Comparing call-based versus subunit-based methods for categorizing Norwegian killer whale, Orcinus orca, vocalizations
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Students of animal communication face significant challenges when deciding how to categorise calls into subunits, calls, and call series. Here, we use algorithms designed to parse human speech to test different approaches for categorising calls of killer whales. Killer whale vocalisations have traditionally been categorised by humans into discrete call types. These calls often contain internal spectral shifts, periods of silence, and synchronously produced low and high frequency components, suggesting that they may be composed of subunits. We describe and compare three different approaches for modelling Norwegian killer whale calls. The first method considered the whole call as the basic unit of analysis. Inspired by human speech processing techniques, the second and third methods represented the calls in terms of subunits. Subunits may provide a more parsimonious approach to modelling the vocal stream since (1) there were fewer subunits than call types; (2) nearly 75% of all call types shared at least one subunit. We show that contour traces from stereotyped Norwegian killer whale calls yielded similar automatic classification performance using either whole calls or subunits. We also demonstrate that subunits derived from Norwegian stereotyped calls were detected in some Norwegian variable (non-stereotyped) calls as well as the stereotyped calls of other killer whale populations. Further work is required to test whether killer whales use subunits to generate and categorize their vocal repertoire.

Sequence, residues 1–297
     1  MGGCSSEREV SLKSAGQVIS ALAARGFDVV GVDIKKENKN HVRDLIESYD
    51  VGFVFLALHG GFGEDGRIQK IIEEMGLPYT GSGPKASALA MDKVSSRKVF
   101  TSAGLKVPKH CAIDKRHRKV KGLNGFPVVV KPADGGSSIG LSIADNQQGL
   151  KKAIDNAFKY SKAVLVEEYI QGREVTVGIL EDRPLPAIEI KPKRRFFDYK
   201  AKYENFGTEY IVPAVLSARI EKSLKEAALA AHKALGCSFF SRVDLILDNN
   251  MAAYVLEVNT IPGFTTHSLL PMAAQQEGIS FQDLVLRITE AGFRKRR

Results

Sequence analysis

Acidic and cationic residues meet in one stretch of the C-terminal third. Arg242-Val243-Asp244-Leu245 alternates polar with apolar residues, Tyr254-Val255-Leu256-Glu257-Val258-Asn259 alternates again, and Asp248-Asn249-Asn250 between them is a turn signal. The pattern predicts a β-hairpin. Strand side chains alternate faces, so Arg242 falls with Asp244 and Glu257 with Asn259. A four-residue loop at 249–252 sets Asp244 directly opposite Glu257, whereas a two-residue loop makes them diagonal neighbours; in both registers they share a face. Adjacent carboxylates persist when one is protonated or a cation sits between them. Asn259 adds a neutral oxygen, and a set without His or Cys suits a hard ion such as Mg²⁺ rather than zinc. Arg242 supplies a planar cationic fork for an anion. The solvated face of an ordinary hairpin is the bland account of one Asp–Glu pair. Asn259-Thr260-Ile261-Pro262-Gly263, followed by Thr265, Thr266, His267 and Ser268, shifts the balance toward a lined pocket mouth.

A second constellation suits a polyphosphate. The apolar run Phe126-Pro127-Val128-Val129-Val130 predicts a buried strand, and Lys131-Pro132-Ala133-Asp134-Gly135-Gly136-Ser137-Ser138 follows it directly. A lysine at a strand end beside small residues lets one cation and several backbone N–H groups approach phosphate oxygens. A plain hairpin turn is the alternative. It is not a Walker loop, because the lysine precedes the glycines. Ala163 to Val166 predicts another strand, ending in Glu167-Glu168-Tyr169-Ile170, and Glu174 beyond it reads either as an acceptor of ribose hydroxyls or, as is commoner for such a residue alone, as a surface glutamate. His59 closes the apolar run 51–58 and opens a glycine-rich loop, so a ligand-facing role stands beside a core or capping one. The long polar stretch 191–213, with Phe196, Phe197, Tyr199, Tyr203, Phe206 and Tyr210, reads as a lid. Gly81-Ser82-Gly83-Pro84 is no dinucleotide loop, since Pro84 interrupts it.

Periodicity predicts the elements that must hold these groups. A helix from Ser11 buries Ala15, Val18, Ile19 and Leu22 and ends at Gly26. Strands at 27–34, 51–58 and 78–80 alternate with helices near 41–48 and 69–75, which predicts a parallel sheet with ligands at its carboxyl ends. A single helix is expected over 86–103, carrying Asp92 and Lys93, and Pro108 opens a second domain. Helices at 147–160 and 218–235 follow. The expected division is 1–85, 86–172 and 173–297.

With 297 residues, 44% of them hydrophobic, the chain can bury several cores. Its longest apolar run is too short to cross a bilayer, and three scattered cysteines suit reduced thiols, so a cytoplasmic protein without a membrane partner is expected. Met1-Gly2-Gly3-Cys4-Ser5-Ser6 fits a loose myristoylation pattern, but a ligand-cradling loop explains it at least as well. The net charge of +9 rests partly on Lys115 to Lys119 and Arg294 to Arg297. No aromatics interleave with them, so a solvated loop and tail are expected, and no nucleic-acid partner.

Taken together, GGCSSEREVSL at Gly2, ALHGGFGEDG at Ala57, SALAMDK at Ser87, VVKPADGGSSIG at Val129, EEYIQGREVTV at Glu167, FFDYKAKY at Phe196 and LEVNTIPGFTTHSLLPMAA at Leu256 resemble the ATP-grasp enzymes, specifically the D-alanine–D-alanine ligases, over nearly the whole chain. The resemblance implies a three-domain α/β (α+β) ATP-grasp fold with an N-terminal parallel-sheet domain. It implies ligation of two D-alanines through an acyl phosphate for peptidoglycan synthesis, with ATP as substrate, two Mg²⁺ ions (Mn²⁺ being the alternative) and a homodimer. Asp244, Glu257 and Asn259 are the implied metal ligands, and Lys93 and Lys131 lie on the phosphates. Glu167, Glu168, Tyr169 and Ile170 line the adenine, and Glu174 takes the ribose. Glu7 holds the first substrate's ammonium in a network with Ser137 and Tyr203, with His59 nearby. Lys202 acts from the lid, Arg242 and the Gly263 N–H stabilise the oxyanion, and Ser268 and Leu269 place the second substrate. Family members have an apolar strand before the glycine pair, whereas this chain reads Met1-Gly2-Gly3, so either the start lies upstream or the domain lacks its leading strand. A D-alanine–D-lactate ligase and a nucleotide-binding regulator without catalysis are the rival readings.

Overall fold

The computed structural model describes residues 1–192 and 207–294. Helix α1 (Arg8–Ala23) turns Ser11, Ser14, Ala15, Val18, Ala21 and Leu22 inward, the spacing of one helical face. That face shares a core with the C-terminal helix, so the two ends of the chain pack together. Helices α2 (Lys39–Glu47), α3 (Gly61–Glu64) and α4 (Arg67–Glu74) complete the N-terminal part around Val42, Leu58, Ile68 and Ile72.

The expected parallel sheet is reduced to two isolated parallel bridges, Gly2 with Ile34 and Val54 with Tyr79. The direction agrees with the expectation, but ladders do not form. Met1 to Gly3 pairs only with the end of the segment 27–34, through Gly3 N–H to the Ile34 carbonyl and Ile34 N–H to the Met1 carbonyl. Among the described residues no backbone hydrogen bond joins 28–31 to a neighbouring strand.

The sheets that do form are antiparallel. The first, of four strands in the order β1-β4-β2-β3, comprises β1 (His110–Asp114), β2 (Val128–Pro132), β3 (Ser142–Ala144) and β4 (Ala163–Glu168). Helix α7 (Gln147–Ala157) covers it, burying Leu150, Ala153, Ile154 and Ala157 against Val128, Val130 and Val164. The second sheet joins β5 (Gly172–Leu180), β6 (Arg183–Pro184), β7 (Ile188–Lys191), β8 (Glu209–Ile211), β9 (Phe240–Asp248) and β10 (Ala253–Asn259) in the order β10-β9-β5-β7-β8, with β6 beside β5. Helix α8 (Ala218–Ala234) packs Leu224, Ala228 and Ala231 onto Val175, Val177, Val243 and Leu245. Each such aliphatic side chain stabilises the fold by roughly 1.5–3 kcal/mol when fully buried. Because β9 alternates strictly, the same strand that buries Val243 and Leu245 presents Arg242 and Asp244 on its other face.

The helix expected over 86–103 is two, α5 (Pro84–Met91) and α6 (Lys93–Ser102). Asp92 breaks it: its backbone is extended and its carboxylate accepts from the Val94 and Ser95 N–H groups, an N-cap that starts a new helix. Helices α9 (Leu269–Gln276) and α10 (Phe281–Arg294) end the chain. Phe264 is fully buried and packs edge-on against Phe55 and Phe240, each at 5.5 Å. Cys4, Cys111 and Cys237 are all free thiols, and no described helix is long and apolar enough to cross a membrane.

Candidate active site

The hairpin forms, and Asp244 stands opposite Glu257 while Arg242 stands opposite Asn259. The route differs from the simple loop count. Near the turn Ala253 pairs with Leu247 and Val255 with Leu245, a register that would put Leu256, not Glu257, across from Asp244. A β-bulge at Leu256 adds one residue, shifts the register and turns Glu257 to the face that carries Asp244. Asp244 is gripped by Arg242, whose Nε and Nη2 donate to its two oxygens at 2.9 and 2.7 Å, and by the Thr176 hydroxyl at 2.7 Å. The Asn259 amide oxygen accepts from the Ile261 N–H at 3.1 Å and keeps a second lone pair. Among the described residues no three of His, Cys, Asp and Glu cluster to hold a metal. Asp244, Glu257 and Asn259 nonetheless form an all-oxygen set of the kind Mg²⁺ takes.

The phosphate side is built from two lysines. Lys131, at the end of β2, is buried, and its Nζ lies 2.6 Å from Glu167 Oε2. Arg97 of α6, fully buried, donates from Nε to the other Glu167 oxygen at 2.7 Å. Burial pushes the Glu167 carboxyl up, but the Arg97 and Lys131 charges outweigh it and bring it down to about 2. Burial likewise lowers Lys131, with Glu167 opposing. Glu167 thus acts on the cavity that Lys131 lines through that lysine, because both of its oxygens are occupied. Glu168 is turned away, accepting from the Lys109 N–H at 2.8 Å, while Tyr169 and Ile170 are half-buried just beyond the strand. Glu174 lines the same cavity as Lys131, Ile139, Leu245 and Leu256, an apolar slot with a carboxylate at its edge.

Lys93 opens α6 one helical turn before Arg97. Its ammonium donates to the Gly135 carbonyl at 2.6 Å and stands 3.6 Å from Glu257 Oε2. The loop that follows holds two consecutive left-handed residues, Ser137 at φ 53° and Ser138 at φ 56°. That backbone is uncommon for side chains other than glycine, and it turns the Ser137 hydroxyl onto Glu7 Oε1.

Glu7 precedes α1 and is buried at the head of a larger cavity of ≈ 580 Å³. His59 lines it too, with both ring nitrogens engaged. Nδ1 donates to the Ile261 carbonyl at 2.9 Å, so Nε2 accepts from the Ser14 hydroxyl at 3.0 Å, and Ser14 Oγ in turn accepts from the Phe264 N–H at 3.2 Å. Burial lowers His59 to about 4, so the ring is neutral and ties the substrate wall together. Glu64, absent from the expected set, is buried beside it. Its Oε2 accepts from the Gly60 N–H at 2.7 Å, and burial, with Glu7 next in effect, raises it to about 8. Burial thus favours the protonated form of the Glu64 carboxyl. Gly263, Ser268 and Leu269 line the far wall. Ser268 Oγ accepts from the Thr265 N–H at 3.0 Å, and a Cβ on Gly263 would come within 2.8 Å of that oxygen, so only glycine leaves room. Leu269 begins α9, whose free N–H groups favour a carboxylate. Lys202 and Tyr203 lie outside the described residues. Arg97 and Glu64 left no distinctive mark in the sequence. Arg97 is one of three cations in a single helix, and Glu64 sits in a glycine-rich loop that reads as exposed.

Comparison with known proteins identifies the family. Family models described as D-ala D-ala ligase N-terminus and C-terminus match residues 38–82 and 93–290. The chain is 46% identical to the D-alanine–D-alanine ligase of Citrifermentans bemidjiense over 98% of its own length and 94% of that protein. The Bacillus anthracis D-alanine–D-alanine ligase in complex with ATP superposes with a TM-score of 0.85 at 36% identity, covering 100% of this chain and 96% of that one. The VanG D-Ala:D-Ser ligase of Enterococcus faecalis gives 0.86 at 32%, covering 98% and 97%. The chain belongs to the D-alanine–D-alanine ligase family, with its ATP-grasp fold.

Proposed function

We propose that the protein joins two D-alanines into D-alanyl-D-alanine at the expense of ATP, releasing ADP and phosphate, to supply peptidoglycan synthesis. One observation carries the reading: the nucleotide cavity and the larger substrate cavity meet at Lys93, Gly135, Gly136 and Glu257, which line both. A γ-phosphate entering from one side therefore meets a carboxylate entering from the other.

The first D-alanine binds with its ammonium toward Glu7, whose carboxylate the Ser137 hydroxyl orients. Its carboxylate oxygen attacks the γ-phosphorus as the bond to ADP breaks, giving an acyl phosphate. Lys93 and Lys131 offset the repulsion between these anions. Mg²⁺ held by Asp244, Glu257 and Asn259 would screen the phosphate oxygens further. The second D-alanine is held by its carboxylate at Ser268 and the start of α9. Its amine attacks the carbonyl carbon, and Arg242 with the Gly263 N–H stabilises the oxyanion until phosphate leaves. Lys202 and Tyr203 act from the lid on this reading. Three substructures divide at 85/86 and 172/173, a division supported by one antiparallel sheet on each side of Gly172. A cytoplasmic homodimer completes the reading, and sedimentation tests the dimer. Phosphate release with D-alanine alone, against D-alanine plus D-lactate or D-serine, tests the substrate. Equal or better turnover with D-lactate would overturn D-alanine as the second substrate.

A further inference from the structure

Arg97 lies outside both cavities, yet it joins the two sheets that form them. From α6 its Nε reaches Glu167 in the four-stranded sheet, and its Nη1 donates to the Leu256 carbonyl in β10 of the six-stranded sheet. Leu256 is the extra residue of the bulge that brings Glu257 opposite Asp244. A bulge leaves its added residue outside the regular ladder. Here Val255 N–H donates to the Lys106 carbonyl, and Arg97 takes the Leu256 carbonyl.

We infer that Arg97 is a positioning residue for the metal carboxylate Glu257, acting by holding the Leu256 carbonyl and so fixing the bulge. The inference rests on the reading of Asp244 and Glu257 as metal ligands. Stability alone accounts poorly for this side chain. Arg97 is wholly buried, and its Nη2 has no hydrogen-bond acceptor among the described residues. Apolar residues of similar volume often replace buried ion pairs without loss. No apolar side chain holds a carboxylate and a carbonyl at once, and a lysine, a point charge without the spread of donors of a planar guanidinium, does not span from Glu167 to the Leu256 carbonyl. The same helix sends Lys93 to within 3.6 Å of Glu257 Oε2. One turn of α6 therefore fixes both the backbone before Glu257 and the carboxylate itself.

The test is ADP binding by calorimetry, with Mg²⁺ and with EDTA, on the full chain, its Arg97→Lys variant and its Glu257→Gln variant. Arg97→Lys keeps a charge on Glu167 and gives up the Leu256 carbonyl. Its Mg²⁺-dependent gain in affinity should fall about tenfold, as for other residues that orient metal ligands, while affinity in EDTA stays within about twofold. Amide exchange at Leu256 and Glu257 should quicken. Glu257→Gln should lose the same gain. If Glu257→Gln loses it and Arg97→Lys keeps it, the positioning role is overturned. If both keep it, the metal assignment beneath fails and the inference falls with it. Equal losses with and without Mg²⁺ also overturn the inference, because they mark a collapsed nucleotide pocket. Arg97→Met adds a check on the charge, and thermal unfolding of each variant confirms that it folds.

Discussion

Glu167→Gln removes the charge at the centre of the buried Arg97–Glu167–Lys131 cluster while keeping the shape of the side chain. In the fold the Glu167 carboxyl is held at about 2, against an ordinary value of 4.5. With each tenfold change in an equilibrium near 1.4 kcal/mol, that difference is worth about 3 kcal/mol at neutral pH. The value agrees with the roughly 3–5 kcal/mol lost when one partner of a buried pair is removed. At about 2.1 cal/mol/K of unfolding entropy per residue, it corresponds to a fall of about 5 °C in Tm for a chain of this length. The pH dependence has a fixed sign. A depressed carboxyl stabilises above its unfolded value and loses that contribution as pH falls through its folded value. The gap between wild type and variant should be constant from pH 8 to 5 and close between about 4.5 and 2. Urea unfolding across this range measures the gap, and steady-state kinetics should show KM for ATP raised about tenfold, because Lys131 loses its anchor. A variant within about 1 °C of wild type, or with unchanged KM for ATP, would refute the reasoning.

Author Posting. © The Author(s), 2010. This is the author's version of the work. It is posted here by permission of Elsevier B.V. for personal use, not for redistribution. The definitive version was published in Animal Behaviour 81 (2011): 377-386, doi:10.1016/j.anbehav.2010.09.020.
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